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Backblaze Launches Android App

Backblaze, provider of unlimited online backup for $5 a month, have launched an app for their service on the Android platform.

The app is free and available to download now from the Google Play store. The app is designed to allow users to view all the data that they have stored with Backblaze. Users can then view the data or, if they wish, copy it over to their device.

Although the app allows copying of data, it doesn’t actually download the data entirely until asked to. Also, it is purely designed to view what is already stored. The app won’t copy any of the device’s data onto Backblaze.

As long as the device has compatible apps, users will be able to view all their data – browse a PDF, watch an MP4 or preview a Microsoft Word document.

However, users with older Android devices may find that the app is not compatible with their device. In technical terms, those on any version earlier than Android 4.0.3 Ice Cream Sandwich will not have a suitable device. If this is the case, the Google Play store should notify as such and not let the app be downloaded.

There are also limits on what data can be viewed, with a 30MB restriction. As such, any file that exceeds this limit will not be able to be viewed on the Android device. This limit is likely in place to prevent streaming of video files and to keep Backblaze’s bandwidth lower, but some users may find it a frustration.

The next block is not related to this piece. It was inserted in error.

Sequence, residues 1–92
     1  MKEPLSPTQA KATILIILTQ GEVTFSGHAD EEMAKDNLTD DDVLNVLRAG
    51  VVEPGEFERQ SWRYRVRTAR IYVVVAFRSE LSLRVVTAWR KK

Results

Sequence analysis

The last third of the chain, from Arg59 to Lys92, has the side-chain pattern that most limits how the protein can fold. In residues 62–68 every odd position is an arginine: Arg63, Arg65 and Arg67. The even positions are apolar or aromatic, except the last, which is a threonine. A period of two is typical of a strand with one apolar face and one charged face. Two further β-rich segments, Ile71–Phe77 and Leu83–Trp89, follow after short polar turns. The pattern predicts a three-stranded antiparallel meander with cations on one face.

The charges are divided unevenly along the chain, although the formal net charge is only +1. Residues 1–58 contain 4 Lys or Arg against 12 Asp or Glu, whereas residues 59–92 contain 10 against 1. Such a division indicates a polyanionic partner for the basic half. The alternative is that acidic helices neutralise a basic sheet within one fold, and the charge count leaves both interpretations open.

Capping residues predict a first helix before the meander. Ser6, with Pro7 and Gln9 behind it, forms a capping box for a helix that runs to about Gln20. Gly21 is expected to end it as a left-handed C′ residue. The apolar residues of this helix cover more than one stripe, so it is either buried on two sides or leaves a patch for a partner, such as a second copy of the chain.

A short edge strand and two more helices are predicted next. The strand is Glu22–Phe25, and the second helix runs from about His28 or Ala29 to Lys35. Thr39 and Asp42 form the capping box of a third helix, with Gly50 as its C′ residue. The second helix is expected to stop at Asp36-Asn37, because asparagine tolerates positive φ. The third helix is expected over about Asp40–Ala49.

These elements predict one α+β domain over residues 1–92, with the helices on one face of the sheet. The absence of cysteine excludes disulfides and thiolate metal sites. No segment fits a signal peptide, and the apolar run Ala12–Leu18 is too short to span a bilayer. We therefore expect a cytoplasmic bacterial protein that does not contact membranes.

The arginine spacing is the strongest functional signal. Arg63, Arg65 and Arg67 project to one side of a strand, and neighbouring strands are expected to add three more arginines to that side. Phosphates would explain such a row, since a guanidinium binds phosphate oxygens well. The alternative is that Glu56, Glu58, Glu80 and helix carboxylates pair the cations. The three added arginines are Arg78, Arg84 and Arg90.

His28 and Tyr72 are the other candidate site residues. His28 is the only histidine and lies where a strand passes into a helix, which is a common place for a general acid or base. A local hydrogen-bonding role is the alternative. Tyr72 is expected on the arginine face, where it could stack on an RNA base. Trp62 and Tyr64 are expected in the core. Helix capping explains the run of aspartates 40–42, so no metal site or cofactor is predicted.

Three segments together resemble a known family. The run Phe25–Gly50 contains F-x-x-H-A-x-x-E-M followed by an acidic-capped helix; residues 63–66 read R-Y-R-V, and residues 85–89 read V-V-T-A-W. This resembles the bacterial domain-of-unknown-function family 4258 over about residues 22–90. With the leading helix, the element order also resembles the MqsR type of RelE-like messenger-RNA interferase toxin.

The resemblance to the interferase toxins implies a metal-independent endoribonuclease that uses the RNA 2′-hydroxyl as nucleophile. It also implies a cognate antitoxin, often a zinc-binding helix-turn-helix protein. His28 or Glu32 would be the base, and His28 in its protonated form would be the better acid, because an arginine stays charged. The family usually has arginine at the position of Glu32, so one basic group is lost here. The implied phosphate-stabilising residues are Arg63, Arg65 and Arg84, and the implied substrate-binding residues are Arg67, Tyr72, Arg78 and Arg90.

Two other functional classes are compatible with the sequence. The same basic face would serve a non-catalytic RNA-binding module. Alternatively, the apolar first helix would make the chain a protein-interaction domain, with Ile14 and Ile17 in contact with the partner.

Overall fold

All communication between the Android device and the Backblaze service is carried out through HTTPS.

Backblaze released an iOS app back in 2013. Although the service is primarily for personal computer backup (as noted by the lack of actual mobile device backup), the creation of apps is a move likely made to position the company closer to their competitors.

Backblaze’s CEO Gleb Budman noted that many of their customers use multiple cloud services. He even admitted that he uses Dropbox, Google Drive and iCloud, noting that these provide “great functionality” for some files. However, he pointed out that “none of these services have all of the files from your computers and external drives”.

Services like Dropbox require users to plan ahead and store their data in a specific folder so that it can be accessed on the go. With Backblaze, however, everything stored on the computer and external drive is available without the need for marking it as so beforehand.

With the cloud space getting more and more competitive by the day, it may be likely that Backblaze could expand their services in the future to compete with larger providers. The lack of Android device backup and file size limit could prove a turn off for some users who seek a cloud provider that can offer the kitchen sink.

At the moment, Backblaze is only available for download on iOS and Android. It’s unknown if Windows Phone or Blackberry versions will follow. Further information on the service can be found on the official {{|Backblaze website}}.


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